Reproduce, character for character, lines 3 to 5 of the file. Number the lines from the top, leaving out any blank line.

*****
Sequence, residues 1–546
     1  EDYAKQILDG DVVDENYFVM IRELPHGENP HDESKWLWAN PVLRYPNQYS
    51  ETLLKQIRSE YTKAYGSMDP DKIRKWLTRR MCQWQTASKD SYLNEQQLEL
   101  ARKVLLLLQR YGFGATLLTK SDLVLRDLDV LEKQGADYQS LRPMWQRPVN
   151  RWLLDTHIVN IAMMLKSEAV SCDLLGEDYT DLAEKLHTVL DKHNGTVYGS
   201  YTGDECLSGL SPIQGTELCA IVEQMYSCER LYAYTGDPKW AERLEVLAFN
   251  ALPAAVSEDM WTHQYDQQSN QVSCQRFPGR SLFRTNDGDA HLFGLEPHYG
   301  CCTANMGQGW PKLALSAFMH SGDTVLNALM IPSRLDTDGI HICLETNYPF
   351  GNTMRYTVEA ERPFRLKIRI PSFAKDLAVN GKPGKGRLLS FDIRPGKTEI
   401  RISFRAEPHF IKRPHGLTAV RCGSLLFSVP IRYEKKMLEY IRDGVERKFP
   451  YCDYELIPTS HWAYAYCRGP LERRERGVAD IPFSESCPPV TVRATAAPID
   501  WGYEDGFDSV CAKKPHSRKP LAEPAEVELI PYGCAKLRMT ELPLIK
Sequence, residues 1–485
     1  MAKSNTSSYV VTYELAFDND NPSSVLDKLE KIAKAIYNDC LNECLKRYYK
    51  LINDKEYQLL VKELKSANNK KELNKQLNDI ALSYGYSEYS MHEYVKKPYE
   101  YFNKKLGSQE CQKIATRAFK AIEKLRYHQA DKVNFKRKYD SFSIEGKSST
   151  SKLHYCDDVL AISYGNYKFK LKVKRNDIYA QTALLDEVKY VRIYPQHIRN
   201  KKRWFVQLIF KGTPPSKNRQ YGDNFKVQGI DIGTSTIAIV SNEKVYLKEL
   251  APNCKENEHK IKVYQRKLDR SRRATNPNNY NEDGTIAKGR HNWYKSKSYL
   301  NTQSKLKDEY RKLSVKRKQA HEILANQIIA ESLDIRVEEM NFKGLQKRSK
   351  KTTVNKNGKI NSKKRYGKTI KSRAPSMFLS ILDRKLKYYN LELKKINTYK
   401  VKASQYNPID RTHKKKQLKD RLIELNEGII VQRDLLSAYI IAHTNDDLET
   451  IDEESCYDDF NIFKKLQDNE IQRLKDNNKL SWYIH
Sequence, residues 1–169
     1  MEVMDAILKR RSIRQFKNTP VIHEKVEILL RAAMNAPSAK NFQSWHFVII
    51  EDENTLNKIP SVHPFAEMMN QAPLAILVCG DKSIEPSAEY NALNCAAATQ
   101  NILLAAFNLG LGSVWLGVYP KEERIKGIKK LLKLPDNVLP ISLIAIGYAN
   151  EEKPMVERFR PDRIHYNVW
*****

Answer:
    51  ETLLKQIRSE YTKAYGSMDP DKIRKWLTRR MCQWQTASKD SYLNEQQLEL
   101  ARKVLLLLQR YGFGATLLTK SDLVLRDLDV LEKQGADYQS LRPMWQRPVN
   151  RWLLDTHIVN IAMMLKSEAV SCDLLGEDYT DLAEKLHTVL DKHNGTVYGS